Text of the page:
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  1. #141

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    Quote Originally Posted by Zemgirl View Post
    I would guess that shoulder belts would be difficult if not impossible to install with the types of seats used in economy, and installing different seats would necessitate reduced capacity in economy, resulting in higher ticket prices. I haven't flown first or business in a long time and have no idea if this is unique to Asiana, perhaps only used for longer routes or in certain airplanes, etc.

    But this is not the equivalent of the Titanic, it's not as if economy passengers are blocked from evacuating until first class passengers do, or not given, say, access to life jackets.

    As for brace position, I don't think they knew what would happen until it was too late to prepare the passengers.
    There were a couple of things passengers said almost immediately that struck me (and didn't get a lot of follow-up by their interviewers).

    One was that the first responders took a long time to get to people lying on the ground. This would seem to be true.

    The second was (and I'm paraphrasing) that on the plane, people's heads seem to fly upwards.

    I don't know physics and I certainly don't know whether the front of the plane went through a different experience than the middle (where the fire seems to have been). But if (and this is a very big if) business/first class passengers endured the same crash experience as the tourist class, and (continuing the ifs) if the spinal injuries were limited to people in tourist class, then the difference between shoulder harness/seat belt, and merely seat belt is significant.

    I assume those questions are under examination by people who understand a lot more than I do.

  2. #142
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    Quote Originally Posted by Zemgirl View Post

    But this is not the equivalent of the Titanic, it's not as if economy passengers are blocked from evacuating until first class passengers do, or not given, say, access to life jackets.
    No one said it was the equivalent of the Titanic, at least, I didn't think anyone did. But the general principle is the same. Those with money were obviously better protected and in certain accidents that may result in them having a better chance of survival (as they maybe may be less injured and able to evacuate by themselves while others may remain stuck in their seats because they would need assistance.)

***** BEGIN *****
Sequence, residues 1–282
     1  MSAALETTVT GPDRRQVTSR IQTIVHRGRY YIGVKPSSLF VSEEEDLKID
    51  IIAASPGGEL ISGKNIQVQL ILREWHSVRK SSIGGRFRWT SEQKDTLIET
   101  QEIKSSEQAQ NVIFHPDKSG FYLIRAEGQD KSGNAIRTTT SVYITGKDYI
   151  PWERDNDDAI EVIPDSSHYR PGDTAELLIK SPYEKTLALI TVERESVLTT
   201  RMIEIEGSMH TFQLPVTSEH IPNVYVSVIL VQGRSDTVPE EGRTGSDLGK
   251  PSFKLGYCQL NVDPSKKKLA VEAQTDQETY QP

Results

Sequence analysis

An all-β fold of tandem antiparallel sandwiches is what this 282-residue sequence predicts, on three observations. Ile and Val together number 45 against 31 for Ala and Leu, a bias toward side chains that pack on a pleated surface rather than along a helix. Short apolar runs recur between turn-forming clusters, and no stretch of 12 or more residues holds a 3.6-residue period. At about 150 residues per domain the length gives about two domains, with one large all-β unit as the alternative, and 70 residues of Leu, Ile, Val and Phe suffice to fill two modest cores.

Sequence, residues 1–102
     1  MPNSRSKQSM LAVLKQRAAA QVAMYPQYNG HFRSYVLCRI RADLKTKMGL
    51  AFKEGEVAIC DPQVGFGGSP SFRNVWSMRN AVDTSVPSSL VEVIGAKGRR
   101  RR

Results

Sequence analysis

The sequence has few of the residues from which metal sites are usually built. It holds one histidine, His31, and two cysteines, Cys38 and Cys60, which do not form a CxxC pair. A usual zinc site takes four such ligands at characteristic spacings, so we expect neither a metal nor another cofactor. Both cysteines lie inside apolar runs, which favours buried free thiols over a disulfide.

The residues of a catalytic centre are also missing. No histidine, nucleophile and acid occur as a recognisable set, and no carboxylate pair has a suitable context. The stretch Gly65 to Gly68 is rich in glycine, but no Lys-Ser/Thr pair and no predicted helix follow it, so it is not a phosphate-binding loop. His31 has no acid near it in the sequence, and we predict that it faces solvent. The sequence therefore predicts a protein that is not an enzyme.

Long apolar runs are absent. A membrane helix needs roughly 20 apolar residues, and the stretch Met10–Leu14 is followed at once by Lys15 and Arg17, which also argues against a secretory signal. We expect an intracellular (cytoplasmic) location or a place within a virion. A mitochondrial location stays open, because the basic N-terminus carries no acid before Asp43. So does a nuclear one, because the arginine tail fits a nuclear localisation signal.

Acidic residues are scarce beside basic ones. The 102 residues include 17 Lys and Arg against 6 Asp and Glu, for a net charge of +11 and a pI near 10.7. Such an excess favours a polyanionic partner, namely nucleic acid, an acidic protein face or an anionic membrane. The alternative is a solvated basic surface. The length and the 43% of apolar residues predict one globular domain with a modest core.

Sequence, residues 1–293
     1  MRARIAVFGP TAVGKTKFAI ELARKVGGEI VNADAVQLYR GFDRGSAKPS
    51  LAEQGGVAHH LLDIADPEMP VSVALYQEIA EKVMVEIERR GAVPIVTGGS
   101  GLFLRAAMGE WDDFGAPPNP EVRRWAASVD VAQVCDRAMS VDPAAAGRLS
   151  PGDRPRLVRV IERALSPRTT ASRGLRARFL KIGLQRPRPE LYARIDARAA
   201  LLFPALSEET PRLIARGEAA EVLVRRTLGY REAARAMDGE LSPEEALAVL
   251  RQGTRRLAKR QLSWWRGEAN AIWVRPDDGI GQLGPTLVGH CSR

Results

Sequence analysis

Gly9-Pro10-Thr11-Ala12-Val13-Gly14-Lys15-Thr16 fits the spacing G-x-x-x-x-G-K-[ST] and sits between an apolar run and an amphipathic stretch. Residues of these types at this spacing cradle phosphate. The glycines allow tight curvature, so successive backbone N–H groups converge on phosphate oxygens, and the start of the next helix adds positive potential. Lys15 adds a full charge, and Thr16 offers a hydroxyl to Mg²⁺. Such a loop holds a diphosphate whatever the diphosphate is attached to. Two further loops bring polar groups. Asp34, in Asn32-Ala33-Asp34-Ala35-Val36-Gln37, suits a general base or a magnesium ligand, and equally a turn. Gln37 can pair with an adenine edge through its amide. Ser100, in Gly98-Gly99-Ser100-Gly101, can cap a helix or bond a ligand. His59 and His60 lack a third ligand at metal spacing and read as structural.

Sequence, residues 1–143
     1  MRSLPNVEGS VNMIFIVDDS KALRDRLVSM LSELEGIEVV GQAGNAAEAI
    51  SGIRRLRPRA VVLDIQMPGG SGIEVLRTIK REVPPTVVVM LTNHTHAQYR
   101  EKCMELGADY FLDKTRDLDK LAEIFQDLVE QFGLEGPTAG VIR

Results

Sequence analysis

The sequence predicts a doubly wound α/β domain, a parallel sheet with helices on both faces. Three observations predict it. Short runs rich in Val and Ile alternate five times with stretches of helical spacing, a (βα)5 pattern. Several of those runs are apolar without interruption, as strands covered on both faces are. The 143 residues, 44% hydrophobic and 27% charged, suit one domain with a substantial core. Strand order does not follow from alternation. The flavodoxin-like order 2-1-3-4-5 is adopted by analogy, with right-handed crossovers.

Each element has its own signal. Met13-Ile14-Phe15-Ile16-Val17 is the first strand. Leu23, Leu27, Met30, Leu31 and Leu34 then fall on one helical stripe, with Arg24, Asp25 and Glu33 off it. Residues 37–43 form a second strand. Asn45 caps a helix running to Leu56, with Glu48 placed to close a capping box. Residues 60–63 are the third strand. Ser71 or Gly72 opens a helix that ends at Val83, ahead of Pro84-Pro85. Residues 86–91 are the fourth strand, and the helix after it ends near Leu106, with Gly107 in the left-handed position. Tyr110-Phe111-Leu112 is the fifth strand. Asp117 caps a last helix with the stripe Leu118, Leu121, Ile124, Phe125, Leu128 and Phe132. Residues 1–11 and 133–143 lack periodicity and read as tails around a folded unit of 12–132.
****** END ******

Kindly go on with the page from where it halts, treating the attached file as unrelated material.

3. #143

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    Quote Originally Posted by missing View Post
    I don't know physics and I certainly don't know whether the front of the plane went through a different experience than the middle (where the fire seems to have been). But if (and this is a very big if) business/first class passengers endured the same crash experience as the tourist class, and (continuing the ifs) if the spinal injuries were limited to people in tourist class, then the difference between shoulder harness/seat belt, and merely seat belt is significant.
    More likely it had to do with their location on the plane. There have been cases where the only survivors were nearer the back of the plane (e.g. Japan Airlines 123) or where the majority of those who survived were seated near the back (e.g. Avianca 52) or in the middle (United 232). It really depends on the type of impact and the damage.

  4. #144
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    Long read:

    http://seattletimes.com/html/nationw...inercrash.html

    Originally published July 11, 2013 at 5:45 AM | Page modified July 11, 2013 at 7:42 AM

    Asiana passengers called 911 begging for help
    Passengers who called 911 minutes after a Boeing 777 crashed at San Francisco International Airport said not enough help had arrived and they were doing their best to keep the critically injured alive, according to 911 calls that portray a scene of desperation.

    By MARTHA MENDOZA
    Associated Press